V.I. Lottery developing online ticket sales
The V.I. Lottery has modernized in recent years, but enforcement has been virtually nonexistent, according to testimony during a Senate Finance Committee hearing Friday.
Executive Director Raymond Williams said with the help of staff, “we have gone from an antiquated and outdated manual draw process to ... the industry standard ‘Random Number Generator’ system.”
The lottery also launched a print-on-demand ticket sales eliminating waste and reducing costs — $55,078 since June 30, Williams said.
“We plan to introduce online ticket sales in the latter part of the second quarter this fiscal year to enhance our traditional ticket sales,” Williams said.
The lottery has set a goal to increase sales by 12% “into the future,” and is working to develop new games modeled on those out of the Caribbean and New York that are “frequently played illegally in our territory,” Williams said.
“Research has shown that many members of the community are unaware that playing these foreign lottery games are not only illegal, but also have immense negative impact on the territory,” Williams said.
“Millions of untaxed dollars are leaving the territory and much of those dollars fund various other illegal activity.”
But over the last three years, the lottery has not issued a single citation.
Questioned as to what the department’s enforcement officers do, Williams told Sen. Janelle Sarauw that officers deal “with the money transfers and stuff like that,” and “don’t sit on their hands.”
“Your enforcement officers are not fulfilling their job descriptions,” Sarauw said.
“Patience is a virtue, OK?” Williams replied.
Lamarr Jacobs, who was recently hired as the lottery’s director of security and investigations, said officers have been deployed and “you will see some results in short order.”
Sen. Marvin Blyden said officers at least need to go out and issue warnings and educate those engaging in illegal gaming, so they can be brought over to the side of legal gaming and “add to our coffers.”
The lottery manages ticket sales and special games like the “Vax to Win” drawing, as well as Video Lottery Terminals in the St. Thomas and St. John district. The V.I. Casino Control Commission regulates casino gaming on St. Croix.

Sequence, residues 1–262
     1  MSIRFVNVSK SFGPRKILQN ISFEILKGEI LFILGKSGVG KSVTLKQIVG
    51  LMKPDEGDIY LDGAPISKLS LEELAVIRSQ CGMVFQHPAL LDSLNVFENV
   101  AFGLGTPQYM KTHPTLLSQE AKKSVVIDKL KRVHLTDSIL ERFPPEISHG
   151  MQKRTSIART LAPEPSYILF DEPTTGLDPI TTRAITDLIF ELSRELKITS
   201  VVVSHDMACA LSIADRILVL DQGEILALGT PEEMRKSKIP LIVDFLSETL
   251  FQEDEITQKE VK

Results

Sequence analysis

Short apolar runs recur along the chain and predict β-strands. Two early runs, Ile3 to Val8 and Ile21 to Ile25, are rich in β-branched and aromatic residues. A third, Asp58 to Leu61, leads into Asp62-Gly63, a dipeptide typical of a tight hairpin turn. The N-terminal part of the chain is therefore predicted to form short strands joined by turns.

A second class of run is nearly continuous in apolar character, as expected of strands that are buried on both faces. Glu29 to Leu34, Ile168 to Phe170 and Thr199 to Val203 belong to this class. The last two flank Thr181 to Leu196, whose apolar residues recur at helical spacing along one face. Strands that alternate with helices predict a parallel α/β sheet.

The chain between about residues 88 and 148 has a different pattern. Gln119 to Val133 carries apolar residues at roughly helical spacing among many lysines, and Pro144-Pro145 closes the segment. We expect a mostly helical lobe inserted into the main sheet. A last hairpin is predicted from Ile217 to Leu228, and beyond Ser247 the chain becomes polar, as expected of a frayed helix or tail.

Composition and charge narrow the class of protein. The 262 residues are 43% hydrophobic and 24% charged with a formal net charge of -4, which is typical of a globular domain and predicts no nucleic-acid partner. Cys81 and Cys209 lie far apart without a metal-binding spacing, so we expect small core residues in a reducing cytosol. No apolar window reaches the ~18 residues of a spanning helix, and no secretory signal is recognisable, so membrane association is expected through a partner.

Williams said the Lottery contracted with Gaming Laboratories to audit the Video Lottery Terminal system, which is run by Southland Gaming. It was the first VLT audit since 2013, and all 510 functioning VLTs passed, Williams said.
With current methods in use for more than three decades, Canadian Banknote is studying game play and how prize payments are structured, Williams said.
“If we don’t create customer excitement and enhance our prize structure, we will continue to fall behind the illegal games that are prevalent in the territory.
The Lottery Commission anticipates fiscal year 2022 operating revenue of $21.86 million, comprised of $9.16 million from traditional games, $11.27 million from Southland Gaming, $1.41 million from Caribbean Lottery Services and $21,500 in other income.
Total direct costs are projected at $8.18 million, including prizes, printing and operations. Salaries and benefits total $3.97 million, 5.4% less than fiscal year 2021.
Advertising, promotion, professional services and other administrative costs are projected at $3.14 million.
Total operating expenses are projected at $15.29 million, with operating income of $6.57 million.
The V.I. Code requires the lottery to make mandatory transfers to various funds, and those figures are projected to increase in 2022 to $1.9 million for the Educational Initiative Fund, $1.9 million to the Pharmaceutical Assistance Program, $1.27 million to the Government Employees’ Retirement System Retirees Bonus Fund and $337,956 for Horse Racing Improvement Fund.
The Lottery is also budgeting $100,000 for the Office of Veterans Affairs and $228,652 for the General Fund.
After contributions, projected net income is expected to be $914,610.